Honolulu is composed of many neighborhoods, a diverse group of people, and a few surprises. Waikiki, polynesian luau shows, shopping, and the beaches are not the surprises.
Neither are attractions such as Aloha Tower or Iolani Palace. Even the stunning view from the Pali Lookout is somewhat expected given the beauty of the islands. So, where’s the surprise?
The Hawaii Theatre. What’s surprising about an old theatre building? Anything old that becomes new again is a surprise.
Hawaii Theatre was first constructed in the early 1920s by Consolidated Amusements of Honolulu.
It was a theatre for entertainment and films and remained the premiere location for movies and local entertainment in Honolulu until television reared its ugly head in the 1950s.
It was all down hill from then. By 1984 the Hawaii Theatre was so debilitated that Consolidated closed the doors. A once proud and beautiful theatre from glory days of the past was reduced to a shell of history.
The surprise? Hawaii Theatre survived. When it closed, the Hawaii Theatre Center was formed to protect it from demolition. Donations allowed the building and nearby buildings to be purchased. In 1989 renovation began.
Restoration was complete in 2005.
The interior, the seats, the stage, the curtains, the ornamentation, the balcony; all have been restored to a condition befitting the glory years of decades past.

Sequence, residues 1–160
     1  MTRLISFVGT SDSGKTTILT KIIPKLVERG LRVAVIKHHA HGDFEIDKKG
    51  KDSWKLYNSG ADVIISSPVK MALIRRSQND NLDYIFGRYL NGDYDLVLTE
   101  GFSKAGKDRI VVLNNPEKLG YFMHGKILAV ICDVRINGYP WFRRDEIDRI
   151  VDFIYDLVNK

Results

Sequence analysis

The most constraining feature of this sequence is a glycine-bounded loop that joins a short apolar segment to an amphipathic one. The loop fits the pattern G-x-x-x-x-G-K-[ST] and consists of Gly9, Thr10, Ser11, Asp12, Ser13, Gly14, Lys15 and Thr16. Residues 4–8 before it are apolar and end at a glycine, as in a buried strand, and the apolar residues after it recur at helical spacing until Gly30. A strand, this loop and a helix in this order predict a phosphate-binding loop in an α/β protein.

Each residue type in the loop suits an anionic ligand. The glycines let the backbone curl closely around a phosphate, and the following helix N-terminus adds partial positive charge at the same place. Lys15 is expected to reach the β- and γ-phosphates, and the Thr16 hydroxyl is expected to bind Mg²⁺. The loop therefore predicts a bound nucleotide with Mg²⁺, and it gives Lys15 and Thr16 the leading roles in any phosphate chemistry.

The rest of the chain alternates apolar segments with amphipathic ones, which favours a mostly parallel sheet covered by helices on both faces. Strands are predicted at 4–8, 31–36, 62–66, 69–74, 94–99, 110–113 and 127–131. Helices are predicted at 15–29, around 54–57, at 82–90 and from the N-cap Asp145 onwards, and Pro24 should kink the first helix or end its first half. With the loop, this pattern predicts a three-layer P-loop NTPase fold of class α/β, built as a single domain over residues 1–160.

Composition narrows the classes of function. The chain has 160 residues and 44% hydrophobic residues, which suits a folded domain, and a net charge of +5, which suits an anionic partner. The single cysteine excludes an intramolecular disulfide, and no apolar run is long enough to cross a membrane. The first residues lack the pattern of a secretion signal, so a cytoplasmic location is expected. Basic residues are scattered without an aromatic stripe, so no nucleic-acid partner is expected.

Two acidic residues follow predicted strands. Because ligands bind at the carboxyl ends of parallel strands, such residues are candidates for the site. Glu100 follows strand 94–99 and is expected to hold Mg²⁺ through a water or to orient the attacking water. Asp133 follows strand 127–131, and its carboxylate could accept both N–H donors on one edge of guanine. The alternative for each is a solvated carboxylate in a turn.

The Hawaii Theatre opened again in 1996, though the exterior renovation was not completed until 2004.
Today, the Theatre is used for everything except popular movies. Dance. Hula. Plays. Performances. The seats are spacious and comfortable. The architectural details are faithful to the 1920’s and 1930’s; the glory days, a symbol of endurance.
The surprise? Something beautiful, useful, and loved has survived from early in the past century to early in this century and remains vibrant and worthwhile.
The Hawaii Theatre reminds me a little of my parents. They’re about the same age; vibrant and healthy, and a family symbol of endurance despite more than a few years of wear and tear.